And I have to say, the author's description of the consumer driven household really struck a nerve with me. I have begun reflecting more and assessing my role as a homemaker. I don't want to spend my life simply shopping and spending the income Tyler brings in. I don't want to just be an endless, bottomless pit of consumer driven lust for material possessions. I don't want our marriage to be nothing more than two individuals serving entirely separate economic functions, one acting as the primary "producer" while the other acts as the primary "consumer".

I want the creation of our home to be a major team effort. Living on one income requires a lot of team effort. On the one hand, there is no way around it: we need a certain level of liquid, cash, exchangeable income. On the other, we need wise investments, saving strategies, long term goals, and quality of family life. We have discussed and divided up these responsibilities in ways that we feel best fit our personalities and strengths (and weaknesses).

My great-grandpa passed along this economic advice to my Dad, who in turn has frequently recited it to me:

Remember, Production creates Prosperity.

I have adapted this saying into my homemaking. In this sphere, I think of it along the lines of "Being productive creates abundance ". And to me, the word abundance doesn't mean you have accumulated or made more things necessarily. Instead, it means you have more meaning in that which you already have or are in the process of creating. Abundance is the best word. It is better than happy. To me, it connotes fullness and joy

A day well spent is one that has been productive and made me feel more abundant.

The most amazing homemakers I have ever met, women who I stand in serious awe of, are also some of the most productive, frugal, thoughtful, hard-working, creative individuals. Their skill set is remarkable. Their incomes are modest, but their lives are full of meaning.

I am trying to begin each day by asking myself what I plan on producing that day? 
On any given day the answer will vary.
It could be any of the following, maybe:

I produced order. (i.e., cleaning and organizing our day to day functions)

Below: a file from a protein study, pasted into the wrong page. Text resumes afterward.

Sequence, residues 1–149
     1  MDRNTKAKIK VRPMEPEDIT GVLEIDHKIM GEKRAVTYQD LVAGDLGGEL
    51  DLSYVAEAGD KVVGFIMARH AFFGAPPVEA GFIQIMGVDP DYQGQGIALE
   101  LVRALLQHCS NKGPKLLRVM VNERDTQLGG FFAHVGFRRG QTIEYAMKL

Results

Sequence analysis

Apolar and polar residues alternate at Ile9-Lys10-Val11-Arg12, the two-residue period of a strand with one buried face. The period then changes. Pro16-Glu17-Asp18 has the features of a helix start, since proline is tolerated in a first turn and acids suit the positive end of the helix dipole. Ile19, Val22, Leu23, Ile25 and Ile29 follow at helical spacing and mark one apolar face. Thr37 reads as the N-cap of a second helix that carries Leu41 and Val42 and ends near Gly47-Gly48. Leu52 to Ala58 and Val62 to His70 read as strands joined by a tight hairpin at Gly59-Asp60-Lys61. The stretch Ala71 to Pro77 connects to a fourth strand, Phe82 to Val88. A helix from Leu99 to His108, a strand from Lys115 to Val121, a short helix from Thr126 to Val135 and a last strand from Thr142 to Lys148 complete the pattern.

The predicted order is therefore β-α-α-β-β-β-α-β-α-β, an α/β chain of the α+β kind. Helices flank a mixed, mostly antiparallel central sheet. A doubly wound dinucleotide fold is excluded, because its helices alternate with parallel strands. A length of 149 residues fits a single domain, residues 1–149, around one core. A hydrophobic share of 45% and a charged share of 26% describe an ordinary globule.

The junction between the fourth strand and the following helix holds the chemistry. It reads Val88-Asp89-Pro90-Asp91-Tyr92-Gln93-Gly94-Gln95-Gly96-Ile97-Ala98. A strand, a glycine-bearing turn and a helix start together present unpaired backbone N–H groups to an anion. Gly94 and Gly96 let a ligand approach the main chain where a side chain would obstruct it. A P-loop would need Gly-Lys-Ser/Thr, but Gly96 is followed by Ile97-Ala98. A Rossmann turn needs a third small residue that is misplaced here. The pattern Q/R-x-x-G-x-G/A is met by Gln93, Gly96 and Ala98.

I produced educated children. (working with the girls on reading a few classics or math activities or music)
I produced savings. (consolidated errands into one day to save gas, or traded babysitting with a friend so Tyler and I can have a date night Friday without paying a babysitter, or I cooked meals from scratch instead of purchasing expensive take-out or convenience food, or I read a book on living better on less money)
I produced friendships.  (gathering with other homemakers to swap ideas and hang out)
I produced goals. (worked on our personal budget and bills)
I produced childcare. (saves a lot on daycare!)
I produced health. (took the kids for a walk/hike, went swimming, meal planned around health and affordability)
I produced fun. (took children to the park to play)
I produced perspective. (watching my children at park playing, I love watching them run around carefree. So glad I'm HERE for this.)
I produced beauty. (re-purposed old garage sale chairs with spray paint)

This shift in paradigm has made all the difference in how I approach homemaking. And frankly, the list is endless: there are so many ways that a household can become more productive and less consumptive. I'm engaged happily in this good work.

I am inspired when I realize that the ultimate goal of a rad homemaker is not to consume but to contribute.


Next time, I am going to interview one of my favorite homemakers, and ask her how she lives her life productively. Stay tuned!

Monday, July 29, 2013

Meal Planning Mondays: Good Morning.

For as long as I can remember, I have NOT been a morning person. My mother confirms this when she tells the story of how I, as a small toddler, would come shuffling out of my room in the early morning and bark alternately one of two demands: "Pancakes." or "Life."{the cereal}

Simple enough. Give me food and don't talk to me could sufficiently sum up my sentiment toward the entire waking up process each day. Imagine my surprise when I married a total morning person. It's like he wakes actually thinking absurd things like life is worth living and it will be a good day and other such 5am oxymoronic nonsense.